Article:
Ivanka Trump Violates Government Ethics Code by Endorsing Goya

NBC News

Goya president Robert Unanue sparked outrage and a boycott when he offered empathic support for President Donald Trump. Goya is the largest Hispanic-owned company in the US, and sells a number of regional foods that are popular with Hispanic Americans. However, by claiming that the US is “blessed” to have Trump as leader, Unanue incensed many Hispanic leaders and customers.

Representative Alexandria Ocasio-Cortez, for one, criticized the company for signaling its support of a president she characterizes as racist. Trump, for his own part, campaigned on a promise of building a border wall between the US and Mexico. Of course, such a wall never came to fruition, nor did Trump’s claims that Mexico would pay for it.

Ivanka Trump Weighs In

On her personal Twitter account, Ivanka Trump, the president’s daughter and a White House advisor, posted a picture of herself holding a can of Goya beans. The caption on the image reads “If it’s Goya, is has to be good,” and repeats that sentence in Spanish. The move, beyond being tacky and trolling, could also have been a government ethics violation.

Business Insider

The White House claims that Ivanka was acting as a private citizen in endorsing the food company.

On Twitter, former director of the Office of Government Ethics Walter Shaub pointed out the impropriety of the endorsement.

To this, Shaub said, “If you tout the company’s product in an obvious response to the backlash the company is facing for the CEO’s remarks about your father-president, you knowingly link your account in people’s minds to your official activities; you create the appearance of official sanction.”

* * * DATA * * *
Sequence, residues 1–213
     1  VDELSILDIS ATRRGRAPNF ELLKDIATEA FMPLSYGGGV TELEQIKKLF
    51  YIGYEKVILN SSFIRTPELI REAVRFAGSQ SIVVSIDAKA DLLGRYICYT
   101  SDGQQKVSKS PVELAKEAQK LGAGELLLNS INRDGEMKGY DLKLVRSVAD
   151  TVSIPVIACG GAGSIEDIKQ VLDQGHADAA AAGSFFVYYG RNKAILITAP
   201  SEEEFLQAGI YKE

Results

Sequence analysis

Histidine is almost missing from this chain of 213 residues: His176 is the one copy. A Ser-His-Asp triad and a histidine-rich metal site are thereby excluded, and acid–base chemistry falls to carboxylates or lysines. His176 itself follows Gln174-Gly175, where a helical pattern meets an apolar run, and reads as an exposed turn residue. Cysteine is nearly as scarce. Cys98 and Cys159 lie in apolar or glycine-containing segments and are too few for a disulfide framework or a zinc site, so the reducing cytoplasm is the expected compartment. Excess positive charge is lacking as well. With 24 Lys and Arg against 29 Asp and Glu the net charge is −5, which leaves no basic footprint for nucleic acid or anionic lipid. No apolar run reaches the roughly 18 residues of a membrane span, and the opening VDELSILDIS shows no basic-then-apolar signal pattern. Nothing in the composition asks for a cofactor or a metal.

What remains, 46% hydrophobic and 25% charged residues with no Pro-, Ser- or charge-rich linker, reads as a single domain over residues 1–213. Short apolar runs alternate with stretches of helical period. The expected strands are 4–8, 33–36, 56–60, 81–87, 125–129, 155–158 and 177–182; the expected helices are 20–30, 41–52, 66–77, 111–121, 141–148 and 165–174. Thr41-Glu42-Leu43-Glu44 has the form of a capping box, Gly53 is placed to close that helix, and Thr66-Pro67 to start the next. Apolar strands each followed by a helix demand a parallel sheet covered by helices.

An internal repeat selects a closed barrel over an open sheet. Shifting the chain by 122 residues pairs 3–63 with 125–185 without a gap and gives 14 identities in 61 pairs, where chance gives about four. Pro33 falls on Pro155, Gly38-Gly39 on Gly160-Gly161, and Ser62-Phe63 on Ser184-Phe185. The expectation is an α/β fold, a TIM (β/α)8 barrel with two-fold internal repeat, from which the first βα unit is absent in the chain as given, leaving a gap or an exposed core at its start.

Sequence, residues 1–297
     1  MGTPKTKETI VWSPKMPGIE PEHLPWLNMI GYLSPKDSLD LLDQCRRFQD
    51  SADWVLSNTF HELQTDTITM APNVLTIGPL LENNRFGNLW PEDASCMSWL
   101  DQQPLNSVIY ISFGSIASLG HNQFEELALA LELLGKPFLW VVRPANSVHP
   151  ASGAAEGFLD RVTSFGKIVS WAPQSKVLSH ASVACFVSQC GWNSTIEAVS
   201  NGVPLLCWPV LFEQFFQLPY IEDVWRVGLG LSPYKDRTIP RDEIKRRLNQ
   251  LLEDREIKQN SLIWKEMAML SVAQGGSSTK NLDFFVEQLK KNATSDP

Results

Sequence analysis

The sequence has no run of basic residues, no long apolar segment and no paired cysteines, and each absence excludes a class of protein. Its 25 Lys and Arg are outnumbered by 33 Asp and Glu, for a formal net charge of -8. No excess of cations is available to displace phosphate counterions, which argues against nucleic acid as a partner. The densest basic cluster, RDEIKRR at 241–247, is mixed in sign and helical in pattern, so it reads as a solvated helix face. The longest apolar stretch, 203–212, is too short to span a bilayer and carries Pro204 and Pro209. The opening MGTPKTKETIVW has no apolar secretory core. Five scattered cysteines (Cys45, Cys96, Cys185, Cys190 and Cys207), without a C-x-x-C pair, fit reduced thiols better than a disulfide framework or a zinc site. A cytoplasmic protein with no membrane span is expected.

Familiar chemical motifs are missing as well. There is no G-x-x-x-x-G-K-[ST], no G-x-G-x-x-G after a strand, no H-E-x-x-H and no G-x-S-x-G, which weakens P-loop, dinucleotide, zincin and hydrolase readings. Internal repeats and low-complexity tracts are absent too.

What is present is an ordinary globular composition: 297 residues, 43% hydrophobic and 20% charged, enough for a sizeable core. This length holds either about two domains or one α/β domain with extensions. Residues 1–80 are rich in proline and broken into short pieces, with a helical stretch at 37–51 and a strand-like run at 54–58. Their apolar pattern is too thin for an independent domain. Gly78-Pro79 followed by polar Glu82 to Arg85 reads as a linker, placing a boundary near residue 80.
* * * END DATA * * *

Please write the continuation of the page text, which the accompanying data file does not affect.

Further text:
Could Ivanka Face Punishment?

It’s unlikely that Ivanka will face any repercussions for violating the ethics guidelines. After all, her boss is the president, her own father. For Ivanka to be reprimanded in any way, Donald Trump would have to sign off on any disciplinary action. It’s hard to picture Trump having ever issued Ivanka disciplinary action, let alone at the behest of his political opponents.

However, this situation sets a precedent, Shaub writes. It’s a huge issue, because it “creates the appearance that the government’s endorsement is for sale. Endorse the President and the administration will endorse your product.”

It is unclear at the time of this writing if the boycotts against Goya have had any tangible effect on the company’s bottom line. However, Unanue and Trump have both maintained that the company is doing well in spite of the boycott.